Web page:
Print Catalogs, Then and Now – Putting the Digital Disruption into Perspective

Wayfair. Williams-Sonoma. Neiman Marcus. Amazon. The list of consumer brands sending beautifully printed catalogs this holiday season is impressive. And when you put the history of catalogs into proper perspective, you realize that, while print fell out of favor for some retailers for a few years, it was a tiny blip in a long and storied history. 

“I was surprised to discover that the very first catalog, containing a list of books for purchase, was published in Venice in 1498, a whopping four centuries before Sears and Roebuck released their much more well-known format in 1894,” writes Nicola Brown in Skyword.

“As consumption rose in the 20th century following both World Wars, so did the mail-order catalog,” Brown continues. “It was a huge hit for both brands and customers, offering a plethora of products designed to make homelife easier for those who now had higher wages and more leisure time. Catalogs contained everything from pianos to firearms to sewing machines—right at the reader’s fingertips.”

Even the rise of the shopping mall and more access to brick and mortar storefronts in the 1980s didn’t dampen the catalog’s appeal. It was only in the 1990s, Brown explains, that retail underwent a massive paradigm shift.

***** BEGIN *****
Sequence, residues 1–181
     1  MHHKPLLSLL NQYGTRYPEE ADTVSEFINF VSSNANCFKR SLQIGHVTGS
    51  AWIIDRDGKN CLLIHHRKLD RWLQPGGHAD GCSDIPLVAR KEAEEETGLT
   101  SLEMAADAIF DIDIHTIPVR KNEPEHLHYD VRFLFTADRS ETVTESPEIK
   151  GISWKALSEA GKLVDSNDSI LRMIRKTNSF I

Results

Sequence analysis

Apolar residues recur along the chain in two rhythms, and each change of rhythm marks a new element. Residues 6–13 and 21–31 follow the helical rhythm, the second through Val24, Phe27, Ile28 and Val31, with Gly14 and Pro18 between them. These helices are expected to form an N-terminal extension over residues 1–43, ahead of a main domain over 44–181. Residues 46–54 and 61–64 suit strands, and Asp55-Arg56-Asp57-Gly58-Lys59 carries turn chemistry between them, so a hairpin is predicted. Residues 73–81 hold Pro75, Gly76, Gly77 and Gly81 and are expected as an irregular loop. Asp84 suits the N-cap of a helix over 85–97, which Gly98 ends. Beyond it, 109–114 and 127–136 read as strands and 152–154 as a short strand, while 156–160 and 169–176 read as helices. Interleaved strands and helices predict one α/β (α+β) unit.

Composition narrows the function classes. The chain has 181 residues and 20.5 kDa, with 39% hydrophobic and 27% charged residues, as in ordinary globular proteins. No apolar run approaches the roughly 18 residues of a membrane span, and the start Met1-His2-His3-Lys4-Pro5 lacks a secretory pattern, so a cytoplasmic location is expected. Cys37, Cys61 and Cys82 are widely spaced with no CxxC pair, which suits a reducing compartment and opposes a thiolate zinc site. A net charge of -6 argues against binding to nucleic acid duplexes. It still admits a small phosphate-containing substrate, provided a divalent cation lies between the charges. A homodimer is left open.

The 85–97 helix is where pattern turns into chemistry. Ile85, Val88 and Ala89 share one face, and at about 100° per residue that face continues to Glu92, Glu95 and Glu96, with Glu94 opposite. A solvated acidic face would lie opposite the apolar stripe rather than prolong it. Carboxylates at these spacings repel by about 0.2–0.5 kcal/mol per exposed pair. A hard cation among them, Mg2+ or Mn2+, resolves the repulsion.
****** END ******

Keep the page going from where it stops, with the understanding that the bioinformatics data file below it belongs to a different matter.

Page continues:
“Still, many brands have not forgotten the trusty catalog, and while their pages may look quite different today, these physical marketing materials now stand out once again in an overwhelming sea of digital information,” Brown writes.

The key difference in modern catalogs is that they must offer something that can’t be replicated online. They must in some way tell a lifestyle story that exists in print alone.

IKEA’s catalogs are a perfect example,” Brown explains. “Rather than just presenting lists of products, the catalog contextualizes those products into the lifestyles of specific buyers. Flipping through the pages feels akin to observing an entire scene or personal snapshot taken inside someone’s home. It delivers information about new products in a highly visual format that helps people literally see how those products work and can fit into their lives.”

The appeal of the catalog has now transcended the brick-and-mortar store, as online-only retailers realize that their customers live in the real world. The best catalogs, Brown explains, helps customers actually envision the brand as part of their lives, in a way that’s non-intrusive, inviting and welcome. For brands that understand how to leverage this, it’s shaping up to be a very Merry Christmas this year.